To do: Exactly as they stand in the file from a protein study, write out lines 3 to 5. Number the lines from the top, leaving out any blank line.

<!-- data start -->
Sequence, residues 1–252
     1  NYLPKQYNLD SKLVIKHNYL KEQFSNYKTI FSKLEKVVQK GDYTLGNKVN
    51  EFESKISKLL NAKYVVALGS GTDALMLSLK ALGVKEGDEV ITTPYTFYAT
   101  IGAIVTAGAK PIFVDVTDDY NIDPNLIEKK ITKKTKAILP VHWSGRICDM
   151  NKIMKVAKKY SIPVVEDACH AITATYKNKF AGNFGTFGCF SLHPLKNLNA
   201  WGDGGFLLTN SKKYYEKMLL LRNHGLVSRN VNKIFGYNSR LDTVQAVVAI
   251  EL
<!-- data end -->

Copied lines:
    51  EFESKISKLL NAKYVVALGS GTDALMLSLK ALGVKEGDEV ITTPYTFYAT
   101  IGAIVTAGAK PIFVDVTDDY NIDPNLIEKK ITKKTKAILP VHWSGRICDM
   151  NKIMKVAKKY SIPVVEDACH AITATYKNKF AGNFGTFGCF SLHPLKNLNA